Horseradish peroxidaseHRPHorseradish peroxidase readily combines with hydrogen peroxide (H2O2) and the resultant [HRP-H2O2] complex can oxidize a wide variety of hydrogen donors.
Incident lightThe term incident light is used for a beam of light falling upon a surface.
Integration timeIntegration time is the time taken to scan a single full range spectrum using photodiode arrays. It is equivalent to the exposure time for a camera. The shortest integration time defines the fastest response time of a spectrophotometer. Increasing the integration time increases the sensitivity of the device. The white balance or balance and subsequent measurements must always be carried out at the same integration time.
Intrinsic fluorophoresAn Intrinsic flourophore is a naturally occurring fluorophore of which NADH, aromatic amino acids and flavins are examples.
Least squares methodThis method makes use of all of the data points of the spectrum in order to quantify a measured spectrum with a reference spectrum of known concentration using a least squares method to match the measured spectrum with the reference spectrum. The technique results in improved accuracy compared with the use of only a few characteristic wavelengths.
Light sourceA variety of light sources are available for fluorometry and spectrophotometry. These include deuterium, mercury and xenon arc lamps and quartz halogen bulbs dependent upon the wavelengths required. However, the advent of light emitting diodes has greatly increased the possibilities for the application of fluorometry and spectrophotometry to areas that were previously not practicable, and at a much reduced cost.
Light-emitting diodeLEDA light-emitting diode (LED) is a light source (semiconductor), used in many every-day applications and specifically in fluorometry. LEDs are available for specific spectral ranges across wavelengths in the visible, ultraviolet, and infrared range.
LightguidesLightguides consist of optical fibres (either single or in bundles) that can be used to transmit light to a sample from a remote light source and similarly receive light from a sample and transmit it to a remote detector. They have greatly contributed to the range of applications that for which optical methods can be applied. This is particularly true in the fields of medicine and biology.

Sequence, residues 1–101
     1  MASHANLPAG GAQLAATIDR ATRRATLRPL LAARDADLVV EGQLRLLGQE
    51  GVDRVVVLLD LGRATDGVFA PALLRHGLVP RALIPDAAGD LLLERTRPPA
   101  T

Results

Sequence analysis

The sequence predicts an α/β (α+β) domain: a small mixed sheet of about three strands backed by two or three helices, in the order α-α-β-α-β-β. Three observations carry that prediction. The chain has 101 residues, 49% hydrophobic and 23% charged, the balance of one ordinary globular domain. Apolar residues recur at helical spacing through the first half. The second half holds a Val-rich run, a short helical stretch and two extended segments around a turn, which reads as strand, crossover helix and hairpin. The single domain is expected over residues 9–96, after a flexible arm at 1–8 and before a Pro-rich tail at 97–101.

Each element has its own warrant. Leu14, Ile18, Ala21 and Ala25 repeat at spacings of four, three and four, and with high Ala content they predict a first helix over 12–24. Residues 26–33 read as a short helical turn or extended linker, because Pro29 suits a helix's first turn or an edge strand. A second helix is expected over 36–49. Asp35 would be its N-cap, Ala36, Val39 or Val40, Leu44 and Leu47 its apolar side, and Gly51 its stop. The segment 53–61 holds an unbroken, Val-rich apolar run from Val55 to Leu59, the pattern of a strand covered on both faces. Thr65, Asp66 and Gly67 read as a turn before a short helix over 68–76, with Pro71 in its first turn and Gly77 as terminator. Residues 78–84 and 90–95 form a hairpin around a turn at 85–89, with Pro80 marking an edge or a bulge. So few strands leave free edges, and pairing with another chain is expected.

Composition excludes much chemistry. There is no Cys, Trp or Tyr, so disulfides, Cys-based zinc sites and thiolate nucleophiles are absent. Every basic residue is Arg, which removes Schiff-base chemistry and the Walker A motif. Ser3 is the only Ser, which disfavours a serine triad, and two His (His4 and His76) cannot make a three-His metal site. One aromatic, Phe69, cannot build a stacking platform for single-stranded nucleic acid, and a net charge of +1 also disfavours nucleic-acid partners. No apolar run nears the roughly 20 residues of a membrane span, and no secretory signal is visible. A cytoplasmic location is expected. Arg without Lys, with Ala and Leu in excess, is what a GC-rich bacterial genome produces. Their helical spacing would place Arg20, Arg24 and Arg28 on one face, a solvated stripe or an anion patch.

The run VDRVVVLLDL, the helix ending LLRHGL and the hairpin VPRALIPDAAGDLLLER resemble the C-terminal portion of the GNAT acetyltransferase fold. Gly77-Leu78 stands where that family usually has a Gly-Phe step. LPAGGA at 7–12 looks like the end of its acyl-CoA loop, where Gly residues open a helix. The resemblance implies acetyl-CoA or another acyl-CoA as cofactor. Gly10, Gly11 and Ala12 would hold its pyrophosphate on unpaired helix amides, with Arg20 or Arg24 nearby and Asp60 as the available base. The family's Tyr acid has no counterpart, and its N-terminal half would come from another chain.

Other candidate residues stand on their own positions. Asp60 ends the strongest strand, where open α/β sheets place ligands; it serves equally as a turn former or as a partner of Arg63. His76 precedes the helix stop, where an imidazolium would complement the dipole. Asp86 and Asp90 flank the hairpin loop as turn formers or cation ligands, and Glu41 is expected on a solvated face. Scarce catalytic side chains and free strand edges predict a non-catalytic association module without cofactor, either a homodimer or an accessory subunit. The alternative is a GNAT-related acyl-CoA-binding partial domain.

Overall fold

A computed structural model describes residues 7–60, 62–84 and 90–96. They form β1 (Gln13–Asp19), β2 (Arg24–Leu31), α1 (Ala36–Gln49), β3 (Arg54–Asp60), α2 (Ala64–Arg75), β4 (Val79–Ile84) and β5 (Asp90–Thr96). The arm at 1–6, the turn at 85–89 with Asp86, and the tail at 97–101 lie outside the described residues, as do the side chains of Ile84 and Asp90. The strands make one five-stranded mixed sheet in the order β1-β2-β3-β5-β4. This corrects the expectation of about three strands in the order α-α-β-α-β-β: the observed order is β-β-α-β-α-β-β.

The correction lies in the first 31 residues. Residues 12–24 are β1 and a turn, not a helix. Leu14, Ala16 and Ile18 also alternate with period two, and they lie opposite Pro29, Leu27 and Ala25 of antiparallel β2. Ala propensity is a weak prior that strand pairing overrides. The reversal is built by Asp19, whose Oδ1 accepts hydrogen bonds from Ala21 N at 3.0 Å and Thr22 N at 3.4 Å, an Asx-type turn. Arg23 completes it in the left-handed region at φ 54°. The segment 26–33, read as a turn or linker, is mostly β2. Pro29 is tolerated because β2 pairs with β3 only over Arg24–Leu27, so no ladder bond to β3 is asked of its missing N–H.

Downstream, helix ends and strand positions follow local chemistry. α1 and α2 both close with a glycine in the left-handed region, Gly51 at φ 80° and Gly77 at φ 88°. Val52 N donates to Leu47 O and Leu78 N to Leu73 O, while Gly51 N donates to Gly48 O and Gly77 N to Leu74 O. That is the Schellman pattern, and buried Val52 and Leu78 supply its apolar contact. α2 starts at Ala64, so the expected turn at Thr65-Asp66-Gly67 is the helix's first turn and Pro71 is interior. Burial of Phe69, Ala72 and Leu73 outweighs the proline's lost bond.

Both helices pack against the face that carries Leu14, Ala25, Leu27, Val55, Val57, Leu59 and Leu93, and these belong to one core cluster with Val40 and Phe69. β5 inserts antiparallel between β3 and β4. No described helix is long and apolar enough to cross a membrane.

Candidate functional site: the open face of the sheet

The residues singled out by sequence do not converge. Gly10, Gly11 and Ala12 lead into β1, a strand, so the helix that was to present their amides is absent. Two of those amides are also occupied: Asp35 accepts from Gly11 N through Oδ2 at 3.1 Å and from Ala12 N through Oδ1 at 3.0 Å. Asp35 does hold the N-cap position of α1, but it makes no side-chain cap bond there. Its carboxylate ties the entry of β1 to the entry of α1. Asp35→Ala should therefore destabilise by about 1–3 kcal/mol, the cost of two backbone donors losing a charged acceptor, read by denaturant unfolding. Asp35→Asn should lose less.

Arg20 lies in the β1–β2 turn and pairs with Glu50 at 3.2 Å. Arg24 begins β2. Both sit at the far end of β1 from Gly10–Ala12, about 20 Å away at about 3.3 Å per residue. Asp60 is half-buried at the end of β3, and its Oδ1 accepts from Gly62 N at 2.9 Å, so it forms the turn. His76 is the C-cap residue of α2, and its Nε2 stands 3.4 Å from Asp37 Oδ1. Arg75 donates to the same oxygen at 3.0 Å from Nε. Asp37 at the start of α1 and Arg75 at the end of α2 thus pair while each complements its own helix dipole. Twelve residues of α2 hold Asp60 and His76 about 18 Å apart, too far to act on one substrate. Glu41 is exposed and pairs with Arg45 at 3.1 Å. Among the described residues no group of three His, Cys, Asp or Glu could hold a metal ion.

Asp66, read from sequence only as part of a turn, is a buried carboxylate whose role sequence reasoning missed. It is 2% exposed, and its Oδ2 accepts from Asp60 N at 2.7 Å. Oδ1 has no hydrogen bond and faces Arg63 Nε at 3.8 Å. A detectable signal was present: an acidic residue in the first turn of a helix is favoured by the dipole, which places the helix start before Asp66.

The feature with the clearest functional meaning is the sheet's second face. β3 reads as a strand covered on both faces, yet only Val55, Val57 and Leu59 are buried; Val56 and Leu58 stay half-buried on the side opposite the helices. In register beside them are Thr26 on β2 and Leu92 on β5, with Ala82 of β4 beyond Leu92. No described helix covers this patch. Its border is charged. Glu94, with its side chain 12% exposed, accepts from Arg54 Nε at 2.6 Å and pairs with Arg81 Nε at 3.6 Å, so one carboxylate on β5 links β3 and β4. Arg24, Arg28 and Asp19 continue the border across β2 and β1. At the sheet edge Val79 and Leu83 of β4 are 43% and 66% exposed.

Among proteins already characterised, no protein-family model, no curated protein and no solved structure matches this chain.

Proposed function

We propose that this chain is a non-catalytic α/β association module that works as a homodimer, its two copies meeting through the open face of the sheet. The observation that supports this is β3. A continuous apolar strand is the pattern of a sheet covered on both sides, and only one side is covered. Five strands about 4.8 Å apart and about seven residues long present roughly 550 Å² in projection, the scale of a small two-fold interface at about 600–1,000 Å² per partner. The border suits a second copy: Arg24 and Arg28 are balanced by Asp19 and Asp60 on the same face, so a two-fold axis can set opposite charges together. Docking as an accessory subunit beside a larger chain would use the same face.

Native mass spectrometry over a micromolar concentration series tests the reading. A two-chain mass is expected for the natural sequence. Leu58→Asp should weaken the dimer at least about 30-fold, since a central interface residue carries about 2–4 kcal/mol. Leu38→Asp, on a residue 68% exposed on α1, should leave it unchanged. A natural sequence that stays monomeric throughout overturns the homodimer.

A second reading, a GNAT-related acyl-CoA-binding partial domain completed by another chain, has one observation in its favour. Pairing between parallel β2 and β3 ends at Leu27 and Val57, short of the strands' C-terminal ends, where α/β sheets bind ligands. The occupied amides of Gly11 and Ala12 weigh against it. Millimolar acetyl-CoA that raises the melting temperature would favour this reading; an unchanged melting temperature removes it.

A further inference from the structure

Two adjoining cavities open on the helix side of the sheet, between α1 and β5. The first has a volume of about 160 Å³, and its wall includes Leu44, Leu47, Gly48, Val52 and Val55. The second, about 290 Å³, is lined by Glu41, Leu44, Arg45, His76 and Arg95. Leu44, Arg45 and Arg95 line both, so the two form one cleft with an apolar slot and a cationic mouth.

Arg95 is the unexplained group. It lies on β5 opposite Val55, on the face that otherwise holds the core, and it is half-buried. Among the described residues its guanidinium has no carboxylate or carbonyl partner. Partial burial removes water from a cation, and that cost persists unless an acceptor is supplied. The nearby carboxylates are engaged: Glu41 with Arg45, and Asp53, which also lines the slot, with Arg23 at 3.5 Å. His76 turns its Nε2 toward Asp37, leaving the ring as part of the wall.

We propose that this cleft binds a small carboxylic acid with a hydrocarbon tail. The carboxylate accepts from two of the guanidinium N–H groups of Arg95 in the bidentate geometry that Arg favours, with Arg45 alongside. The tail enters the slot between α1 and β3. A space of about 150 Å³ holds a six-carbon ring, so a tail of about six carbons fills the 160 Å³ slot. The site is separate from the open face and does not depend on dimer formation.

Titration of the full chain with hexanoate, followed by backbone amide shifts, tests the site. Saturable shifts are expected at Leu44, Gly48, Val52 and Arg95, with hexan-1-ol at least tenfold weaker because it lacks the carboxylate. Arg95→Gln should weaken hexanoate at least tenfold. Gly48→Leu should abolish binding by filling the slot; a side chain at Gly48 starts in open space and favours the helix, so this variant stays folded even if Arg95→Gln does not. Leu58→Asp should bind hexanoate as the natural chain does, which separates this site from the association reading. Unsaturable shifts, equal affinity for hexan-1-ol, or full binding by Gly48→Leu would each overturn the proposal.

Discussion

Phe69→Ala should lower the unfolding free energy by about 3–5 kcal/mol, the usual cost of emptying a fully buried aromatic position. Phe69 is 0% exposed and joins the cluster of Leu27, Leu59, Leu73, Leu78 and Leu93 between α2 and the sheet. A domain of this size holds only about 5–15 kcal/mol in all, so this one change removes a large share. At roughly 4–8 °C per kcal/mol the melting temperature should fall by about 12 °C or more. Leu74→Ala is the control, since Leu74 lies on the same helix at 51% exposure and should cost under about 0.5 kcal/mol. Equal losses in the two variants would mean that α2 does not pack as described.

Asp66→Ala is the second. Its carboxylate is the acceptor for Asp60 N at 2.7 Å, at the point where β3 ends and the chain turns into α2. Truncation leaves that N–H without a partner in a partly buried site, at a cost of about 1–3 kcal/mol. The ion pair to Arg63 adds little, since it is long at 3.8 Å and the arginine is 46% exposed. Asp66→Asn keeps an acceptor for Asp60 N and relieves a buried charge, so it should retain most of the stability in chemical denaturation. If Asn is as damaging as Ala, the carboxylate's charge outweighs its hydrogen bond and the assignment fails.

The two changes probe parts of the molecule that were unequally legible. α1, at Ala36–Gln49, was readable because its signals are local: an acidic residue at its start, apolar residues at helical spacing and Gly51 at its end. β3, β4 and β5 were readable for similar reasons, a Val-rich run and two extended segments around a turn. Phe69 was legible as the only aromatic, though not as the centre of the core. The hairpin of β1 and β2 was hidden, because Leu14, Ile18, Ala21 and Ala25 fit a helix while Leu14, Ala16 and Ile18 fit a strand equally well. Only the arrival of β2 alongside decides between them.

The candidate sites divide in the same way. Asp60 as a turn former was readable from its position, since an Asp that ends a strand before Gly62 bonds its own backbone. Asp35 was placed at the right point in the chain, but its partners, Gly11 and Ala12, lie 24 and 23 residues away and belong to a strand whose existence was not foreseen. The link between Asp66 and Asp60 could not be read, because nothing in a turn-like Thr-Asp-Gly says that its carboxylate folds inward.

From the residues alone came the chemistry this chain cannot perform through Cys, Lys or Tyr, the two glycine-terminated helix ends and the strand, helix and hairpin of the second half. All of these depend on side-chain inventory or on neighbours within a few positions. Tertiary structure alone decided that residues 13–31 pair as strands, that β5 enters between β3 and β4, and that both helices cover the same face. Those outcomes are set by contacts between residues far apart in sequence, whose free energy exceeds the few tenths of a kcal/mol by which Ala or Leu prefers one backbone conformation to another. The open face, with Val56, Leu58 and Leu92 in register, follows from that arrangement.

LinearityLinearity is the ability of the method to produce test results that are proportional, either directly or by a well-defined mathematical transformation, to the concentration of the analyte in samples within a given range. This property is inherent in the Beer-Lambert law for absorbance alone, but deviations occur in scattering media. It is also a property of fluorescence, but a fluorophore may not exhibit linearity, particularly over a large range of concentrations.
LuminescenceLuminescence is spontaneous emission of radiation from an electronically or vibrationally excited species not in thermal equilibrium with its environment (IUPC definition). An alternative definition is "Luminescence is emission of light by a substance not resulting from heat." Luminescence comprises many different pehnomena. Luminescence from direct photoexcitation of the emitting species is called photoluminescence. Both fluorescence and phosphorescence are forms of photoluminescence. In biomedical research also forms of chemiluminescence (e.g.the luciferin reaction) are used. In chemiluminescence the emission of radiation results from a chemical reaction. For other forms of luminescence see the IUPAC Gold Book.